This is actually quite a heavy argument: What if your consumers won’t buy your hardware/software because it doesn’t work like they’re expect it to do? If they can’t load your MP3-player with the sounds they want, they probably won’t buy it. Today, every hardware-MP3-player can download music from a PC. Nobody will buy one if it can’t. The same will apply to e-books. So you need to comply to the users wishes in order to make your technology widespread. Going even further: Videotext (VTX/BTX) never took off — because it was proprietary and nobody except the various telcos were allowed to change something. On the other hand, the internet just stormed everything, because of open technology. Everyone can do what he wants with the underlying technology, because its open. And the same applies to any technology developed. Everyone can read and write a CD. If you can’t do this with DVD, people won’t use it on a broad base. DVD actually now has chances of becoming the next standard because its encryption was broken.

Choice: Niche-Technology or Killer-Application

It sums up to this. Keep it private and it gets its niche, or open it and make it the next killer-app. MP3 already is, DVD could be next, e-books won’t until their encryption is broken.

Update: DVD Companies don’t get it

Although this hasn’t really to do with copyprotection (DVDs may be copied 1:1 without touching the content scrambling system), css is used to make it impossible to use a DVD-player which has not agreed to the terms of the DVD-CA, and it makes it impossible to copy the movie (or parts thereof) onto other media than DVD. The issue is about the same as with copyprotection, as it denies you certain use of the data. The companies behind DVD, Columbia Pictures Industries, Inc., Disney Enterprises, Inc., Metro-Goldwyn-Mayer Studios Inc., Paramount Pictures Corporation, TriStar Pictures, Inc., Twentieth Century Fox Film Corporation, United Artists Pictures, Inc., United Artists Corporation, Universal City Studios, Inc., Warner Bros., a Division of Time Warner Entertainment Company, L.P. and their respective lawyers, Sargoy, Stein, Rosen & Shapiro still don’t get it and try to get every site to remove the css-decoder. The least thing we can probably do is to put it on a page and wait until they write us. If they need to write to 10’000 of people, they probably realize that this makes just no sense. Oh, and I’ll remove above link as soon as someone writes me — on paper.

Peter Keel, 13.11.1999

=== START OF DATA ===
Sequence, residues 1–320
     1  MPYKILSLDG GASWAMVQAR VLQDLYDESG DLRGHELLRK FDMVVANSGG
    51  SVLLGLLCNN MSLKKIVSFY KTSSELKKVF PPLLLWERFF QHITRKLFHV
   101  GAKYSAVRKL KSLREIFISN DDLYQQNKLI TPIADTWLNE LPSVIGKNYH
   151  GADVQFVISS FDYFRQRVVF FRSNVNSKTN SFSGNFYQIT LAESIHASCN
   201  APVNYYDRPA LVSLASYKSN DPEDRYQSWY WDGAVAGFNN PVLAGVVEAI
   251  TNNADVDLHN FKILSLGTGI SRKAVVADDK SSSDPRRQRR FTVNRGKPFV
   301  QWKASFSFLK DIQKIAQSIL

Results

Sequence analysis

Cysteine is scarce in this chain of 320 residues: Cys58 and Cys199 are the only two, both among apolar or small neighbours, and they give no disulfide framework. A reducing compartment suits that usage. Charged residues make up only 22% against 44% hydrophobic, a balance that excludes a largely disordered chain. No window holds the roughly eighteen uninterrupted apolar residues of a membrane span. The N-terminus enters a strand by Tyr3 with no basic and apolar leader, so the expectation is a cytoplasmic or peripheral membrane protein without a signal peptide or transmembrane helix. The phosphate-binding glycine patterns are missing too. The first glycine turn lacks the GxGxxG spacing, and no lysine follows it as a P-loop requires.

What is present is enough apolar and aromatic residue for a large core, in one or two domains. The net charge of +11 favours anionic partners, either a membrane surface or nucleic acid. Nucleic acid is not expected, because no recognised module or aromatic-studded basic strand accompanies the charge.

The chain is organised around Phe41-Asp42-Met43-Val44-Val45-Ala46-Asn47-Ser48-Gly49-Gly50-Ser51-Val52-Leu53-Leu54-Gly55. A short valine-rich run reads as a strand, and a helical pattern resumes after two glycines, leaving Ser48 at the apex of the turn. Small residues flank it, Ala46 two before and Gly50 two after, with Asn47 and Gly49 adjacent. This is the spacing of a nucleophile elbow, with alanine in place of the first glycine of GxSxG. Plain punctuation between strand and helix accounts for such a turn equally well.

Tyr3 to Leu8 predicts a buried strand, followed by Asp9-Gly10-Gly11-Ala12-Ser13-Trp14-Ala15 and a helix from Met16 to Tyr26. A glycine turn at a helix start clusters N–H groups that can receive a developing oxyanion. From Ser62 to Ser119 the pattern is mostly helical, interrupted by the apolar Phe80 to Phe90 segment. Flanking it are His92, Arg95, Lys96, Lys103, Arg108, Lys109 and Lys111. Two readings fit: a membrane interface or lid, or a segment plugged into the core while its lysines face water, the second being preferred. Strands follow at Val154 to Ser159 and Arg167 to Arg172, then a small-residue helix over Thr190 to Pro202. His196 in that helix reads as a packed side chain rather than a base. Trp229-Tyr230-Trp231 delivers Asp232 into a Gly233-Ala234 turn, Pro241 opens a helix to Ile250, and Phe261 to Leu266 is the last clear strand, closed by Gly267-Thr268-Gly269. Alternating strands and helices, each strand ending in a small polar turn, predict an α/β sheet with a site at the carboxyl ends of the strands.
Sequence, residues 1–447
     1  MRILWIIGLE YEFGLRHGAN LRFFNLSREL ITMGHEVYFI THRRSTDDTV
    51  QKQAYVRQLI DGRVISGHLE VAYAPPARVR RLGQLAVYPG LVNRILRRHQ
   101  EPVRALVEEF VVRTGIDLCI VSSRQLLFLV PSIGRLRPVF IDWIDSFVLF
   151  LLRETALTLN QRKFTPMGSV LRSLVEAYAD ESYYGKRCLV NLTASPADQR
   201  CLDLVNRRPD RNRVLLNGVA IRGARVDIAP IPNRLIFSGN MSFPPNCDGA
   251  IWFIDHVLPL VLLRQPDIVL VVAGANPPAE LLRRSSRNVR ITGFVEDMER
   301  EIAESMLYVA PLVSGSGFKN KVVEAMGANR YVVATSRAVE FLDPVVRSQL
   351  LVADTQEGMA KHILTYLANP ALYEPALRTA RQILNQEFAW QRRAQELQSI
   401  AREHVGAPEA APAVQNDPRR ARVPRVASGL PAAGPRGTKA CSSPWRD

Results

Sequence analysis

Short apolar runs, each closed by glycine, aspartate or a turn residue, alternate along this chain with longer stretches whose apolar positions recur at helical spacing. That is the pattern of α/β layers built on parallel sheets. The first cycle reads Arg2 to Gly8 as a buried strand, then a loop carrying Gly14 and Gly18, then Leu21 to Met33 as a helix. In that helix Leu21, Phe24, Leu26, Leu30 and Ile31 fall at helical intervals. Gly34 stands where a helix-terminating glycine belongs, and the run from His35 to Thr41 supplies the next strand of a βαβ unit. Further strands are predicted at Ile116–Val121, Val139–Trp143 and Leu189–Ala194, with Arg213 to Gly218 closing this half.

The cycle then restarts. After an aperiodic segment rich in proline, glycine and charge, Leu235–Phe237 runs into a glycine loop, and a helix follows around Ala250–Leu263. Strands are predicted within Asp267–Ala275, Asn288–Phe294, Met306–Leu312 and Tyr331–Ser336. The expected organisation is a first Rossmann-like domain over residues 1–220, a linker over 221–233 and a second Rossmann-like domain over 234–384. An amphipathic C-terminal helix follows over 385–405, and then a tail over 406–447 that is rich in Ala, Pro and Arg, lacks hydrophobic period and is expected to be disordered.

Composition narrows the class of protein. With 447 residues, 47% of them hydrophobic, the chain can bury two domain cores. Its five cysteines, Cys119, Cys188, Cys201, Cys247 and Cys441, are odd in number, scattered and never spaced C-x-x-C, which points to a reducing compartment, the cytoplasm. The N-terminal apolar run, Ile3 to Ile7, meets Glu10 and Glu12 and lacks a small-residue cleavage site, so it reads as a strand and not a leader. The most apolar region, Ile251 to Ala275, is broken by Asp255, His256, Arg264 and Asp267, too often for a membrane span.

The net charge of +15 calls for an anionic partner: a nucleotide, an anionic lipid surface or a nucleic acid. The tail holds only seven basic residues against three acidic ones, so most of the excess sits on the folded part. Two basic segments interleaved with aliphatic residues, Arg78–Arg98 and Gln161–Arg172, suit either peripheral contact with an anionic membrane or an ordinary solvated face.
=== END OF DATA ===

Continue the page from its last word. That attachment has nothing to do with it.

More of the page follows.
Addendum: MPAA tries to intimidate ISPs?

Indeed, the MPAA wrote, probably. Not on Paper, but an email,
from And not to me but to my provider. Since I know my provider pretty well, I got it forwarded right away, here’s the Mail from, where allegedly speaks on behalf of the MPAA. Shift-click on the link to get the whole mail, including headers. A bad joke? Why would the MPAA not use its own domain ( Why would it send an anonymous email? There is no name at the bottom of the message. How do they get the idea that somehow should have the IP-Address of (which is the DNS-server of my provider, and in no way home of my webpages)? Aren’t they capable of even doing a simple whois-query?

This leaves me with two possibilities: Either somebody is playing a stupid joke, or the MPAA is a completely clueless bunch of morons who aren’t even capable of doing a whois-query, who cannot maintain (or or aren’t even capable of letting it maintain) a mailserver on their own, and worst of all, don’t send their mails to the person who allegedly infringed their rights, but sneakily send it to its provider, in the hope to intimidate it, so he would pull the plug.

I’m currently researching which laws their css (not DeCSS!) violates, and it seems clear that the “fair use” right is completely violated, though the implications with the (probably unconstitutional, even according to US-law) US-DMCA (Digital Millenium Copyright Act) are not clear. Here in switzerland there is no DMCA, but there is a “fair use” right, and there is a right to reverse-engineer…

Peter Keel, 26.9.2000

Addendum: I got a letter on Paper!

Due to a misconfiguration of my snailmail-accounts, I only got the letter (on paper) from the MPAA today. As pormised, I removed the CSS-Decoder from my page. The link above goes now to a general Site about CSS/DeCSS. Of course, you can get DeCSS there. At least the MPAA hat something to do and to spend the money they’ve garnered. Here’s the Mail I sent to

A note to the MPAA: I removed DeCSS because I promised to do if you write me on paper. You did, so I removed it. And no, the Link to the foreign site won’t magically disappear if you write me again, we’ve had that, try something else. Like a) bribing me, b) bribing swiss politicians into accepting your DMCA c) any other measure you think is adequate to censor free speech, kill privacy, violate the constitution and destroy democracy. Your greed and lack of scruple is just unbelievable, read my (earlier) essay on YOU: Conquistadores on the Internet, but maybe the title is a bit misleading, since you’re really a predator in the real world too, ripping apart human rights for financial gain.

Peter Keel,